Lent 15 ~ Go Out and Love

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          Yesterday, some issues regarding my professional future were weighing on my mind. In my post, Destiny, fellow blogger and my friend, Ann Coleman, commented, “It’s natural to be anxious about something so important. But I do believe we can trust God to be with us through even the worst challenges. And I’ll pray that your work situation works out for the best.” 

          Something about that last line snagged my frazzled and tattered attention.

And I’ll pray that your work situation works out for the best.

          Ann’s touching concern and support lit a spark in me. Of wanting to go out of myself and care for others besieged by work concerns in whatever form. Nonetheless, at that very moment, it was mind over heart, because it was almost night and I was so very worn out from staring at my laptop screen for hours on end.

          Still, when God lights a spark, it is lit, no matter what.

          Today, I had to travel to the city with my husband. We met a salesperson he had dealings with. Within a few short hours, the 60-something man had let down inner his mask with us, and let slip that he had just undergone a heart procedure. I thought to myself that sales wasn’t the best job to be in if you had a heart complaint. Later on, we observed signs that despite his good work ethic, genuinely genial nature and immense popularity with clients, he didn’t seem to be earning very much.

          And yet, he was so giving, even when it would have gotten him nothing back.

          As we waved goodbye, something about him tugged at my heart. Well into his 60s and continuing to work in such a cutthroat business when others would have retired, I just felt that something hadn’t worked out in his life. He had a hunted look in his eyes, as if there were forces he was trying to outrun but couldn’t.

          Driving home, I thought about this man’s worn heart and remembered him before God.

          We were late in leaving the city and so got caught in its after-work traffic snarl. Driving carefully, I watched cars zip in and out, drivers in a great hurry to get home. Deeply exhausted, home seemed so far away. And we had one more similarly draining trip to make the next day.

          Despite my state, in the sharply angled evening sunshine, something else began to take over. I found myself empathising with the commuters’ rush to get home. Oddly, it was almost as if I could cut past the layers of metal and noise, and see right into hearts, here and there encountering happiness and good cheer, but mostly touching weariness, worry, frustration or just plain tiredness from a hard day’s work. All stopped at traffic lights after traffic lights, we were sitting in different vehicles, looking different, living differently. And yet, there was a common thread of happiness, worry, fear and tiredness running through each of our lives.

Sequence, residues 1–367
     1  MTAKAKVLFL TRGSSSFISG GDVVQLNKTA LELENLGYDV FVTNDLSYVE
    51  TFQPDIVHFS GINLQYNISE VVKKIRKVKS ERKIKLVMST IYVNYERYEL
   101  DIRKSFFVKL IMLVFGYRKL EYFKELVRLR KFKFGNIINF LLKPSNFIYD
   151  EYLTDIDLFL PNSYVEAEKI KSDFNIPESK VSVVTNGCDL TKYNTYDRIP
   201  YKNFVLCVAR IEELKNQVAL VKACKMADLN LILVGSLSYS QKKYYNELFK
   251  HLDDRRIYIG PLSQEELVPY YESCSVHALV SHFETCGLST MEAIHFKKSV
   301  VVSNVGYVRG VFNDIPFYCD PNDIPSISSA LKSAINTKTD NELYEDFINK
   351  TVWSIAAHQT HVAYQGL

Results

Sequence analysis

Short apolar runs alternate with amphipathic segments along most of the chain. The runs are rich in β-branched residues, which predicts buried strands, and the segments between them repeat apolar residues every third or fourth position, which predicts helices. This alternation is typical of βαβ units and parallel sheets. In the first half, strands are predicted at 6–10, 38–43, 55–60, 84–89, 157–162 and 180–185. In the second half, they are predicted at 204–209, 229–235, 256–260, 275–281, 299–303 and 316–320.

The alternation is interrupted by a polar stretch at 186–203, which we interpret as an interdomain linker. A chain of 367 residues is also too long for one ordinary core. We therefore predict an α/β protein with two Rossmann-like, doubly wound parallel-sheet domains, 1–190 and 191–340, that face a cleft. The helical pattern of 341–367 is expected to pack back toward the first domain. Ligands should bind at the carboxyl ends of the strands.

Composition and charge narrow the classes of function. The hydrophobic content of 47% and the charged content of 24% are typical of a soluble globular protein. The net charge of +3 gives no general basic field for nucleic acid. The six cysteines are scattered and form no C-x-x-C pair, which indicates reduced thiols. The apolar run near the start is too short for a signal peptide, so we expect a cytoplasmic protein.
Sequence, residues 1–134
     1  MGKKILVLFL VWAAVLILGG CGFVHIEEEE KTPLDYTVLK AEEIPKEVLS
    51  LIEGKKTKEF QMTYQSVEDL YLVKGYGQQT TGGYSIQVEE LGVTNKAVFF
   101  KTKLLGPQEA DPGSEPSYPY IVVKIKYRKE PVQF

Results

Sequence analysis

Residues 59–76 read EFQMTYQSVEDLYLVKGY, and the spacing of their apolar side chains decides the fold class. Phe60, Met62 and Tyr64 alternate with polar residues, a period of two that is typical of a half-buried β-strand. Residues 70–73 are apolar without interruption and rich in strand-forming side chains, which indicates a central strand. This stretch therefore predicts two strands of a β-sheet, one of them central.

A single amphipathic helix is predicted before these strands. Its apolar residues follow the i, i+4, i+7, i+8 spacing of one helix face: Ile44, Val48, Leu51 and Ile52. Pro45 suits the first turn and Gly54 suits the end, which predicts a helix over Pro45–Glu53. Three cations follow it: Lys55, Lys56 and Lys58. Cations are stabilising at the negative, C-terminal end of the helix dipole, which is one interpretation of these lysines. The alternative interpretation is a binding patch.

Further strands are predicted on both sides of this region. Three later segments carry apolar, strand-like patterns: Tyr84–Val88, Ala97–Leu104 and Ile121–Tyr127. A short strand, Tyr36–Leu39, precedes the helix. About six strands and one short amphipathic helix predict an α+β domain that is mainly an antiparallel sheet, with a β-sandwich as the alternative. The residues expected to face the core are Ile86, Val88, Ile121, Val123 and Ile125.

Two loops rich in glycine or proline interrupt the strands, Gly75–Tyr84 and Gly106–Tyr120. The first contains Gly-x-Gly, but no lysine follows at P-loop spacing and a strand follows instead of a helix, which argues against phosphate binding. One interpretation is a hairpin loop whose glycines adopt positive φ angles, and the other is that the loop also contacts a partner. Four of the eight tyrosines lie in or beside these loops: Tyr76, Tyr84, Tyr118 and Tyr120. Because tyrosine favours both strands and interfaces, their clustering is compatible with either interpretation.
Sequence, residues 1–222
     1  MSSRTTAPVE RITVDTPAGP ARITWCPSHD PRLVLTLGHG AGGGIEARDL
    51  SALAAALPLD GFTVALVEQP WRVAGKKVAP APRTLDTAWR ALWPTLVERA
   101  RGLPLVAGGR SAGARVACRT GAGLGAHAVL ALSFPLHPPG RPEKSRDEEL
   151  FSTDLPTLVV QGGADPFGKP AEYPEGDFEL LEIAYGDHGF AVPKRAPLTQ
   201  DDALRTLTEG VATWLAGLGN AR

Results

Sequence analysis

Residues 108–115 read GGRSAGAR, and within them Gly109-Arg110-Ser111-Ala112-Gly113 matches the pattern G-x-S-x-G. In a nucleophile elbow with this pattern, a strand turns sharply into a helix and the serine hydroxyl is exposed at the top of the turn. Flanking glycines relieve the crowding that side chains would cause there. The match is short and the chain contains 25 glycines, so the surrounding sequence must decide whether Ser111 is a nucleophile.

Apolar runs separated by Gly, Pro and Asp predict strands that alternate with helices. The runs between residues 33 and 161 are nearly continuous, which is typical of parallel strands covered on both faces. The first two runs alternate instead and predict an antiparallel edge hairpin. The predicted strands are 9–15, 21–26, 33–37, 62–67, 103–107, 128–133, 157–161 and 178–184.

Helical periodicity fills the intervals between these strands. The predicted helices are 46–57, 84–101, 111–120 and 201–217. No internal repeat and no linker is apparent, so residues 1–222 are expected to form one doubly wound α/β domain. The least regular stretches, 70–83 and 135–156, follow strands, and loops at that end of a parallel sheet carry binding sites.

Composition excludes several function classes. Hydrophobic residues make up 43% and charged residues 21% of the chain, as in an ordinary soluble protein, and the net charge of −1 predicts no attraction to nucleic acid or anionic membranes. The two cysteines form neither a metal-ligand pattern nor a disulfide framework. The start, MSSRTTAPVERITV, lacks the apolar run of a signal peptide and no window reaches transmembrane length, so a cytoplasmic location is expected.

However different we were, we are all bound together by our need of God, to be placed in His Flaming Heart.

          Once home some hours later, I contacted our parish priest to make arrangements to attend private Mass with him. To my sadness, I found our priest in great agony from nerve pain. He asked for prayers and so I hastened to do what I could, feeling it was too little against such a great need.

          It was past midnight when I sought the stillness to gather my thoughts. While no great mountain did I move in my Friday hours, Ann’s words reminded me that even in our hardest struggles, our hearts must never close in on ourselves. That no matter how gnarled and rutted our own path is, we must take care to never lose compassion for others who are suffering. And yet, that remains a mountain to be scaled – to remain in the moment of others’ suffering, to help them carry their crosses, even as my own weigh me down.

          Although so many of our questions remain unanswered, and the road stretches on through the uncertain terrain of life, in choosing to open our hearts to the pains of others, I have learned a great many times, our crosses will not vanish, our own pain might not diminish. The lesson God wrote upon my heart today was that,

The more we hurt inside, the more we must go out and love.

          Because it is when we wipe the wounds of others, that we touch the very Wounds of Christ.

6 comments

    1. Yes, we will never know who needs what prayers but we can be sure, everyone does. One day in church many years ago, my husband and I were tired out handling our babies and the long drive to church. In the pew, trying to catch our breaths before Mass began, my husband remarked, “You will never know just how many people are praying for us now.” Honestly, it didn’t feel like it then, not with grumpy babies and squirming toddlers trying to clean the church floors. But now, years beyond those days, those words were certainly true. We couldn’t have gotten through those times without the prayers prayed in the quiet of compassionate hearts.

      Liked by 1 person

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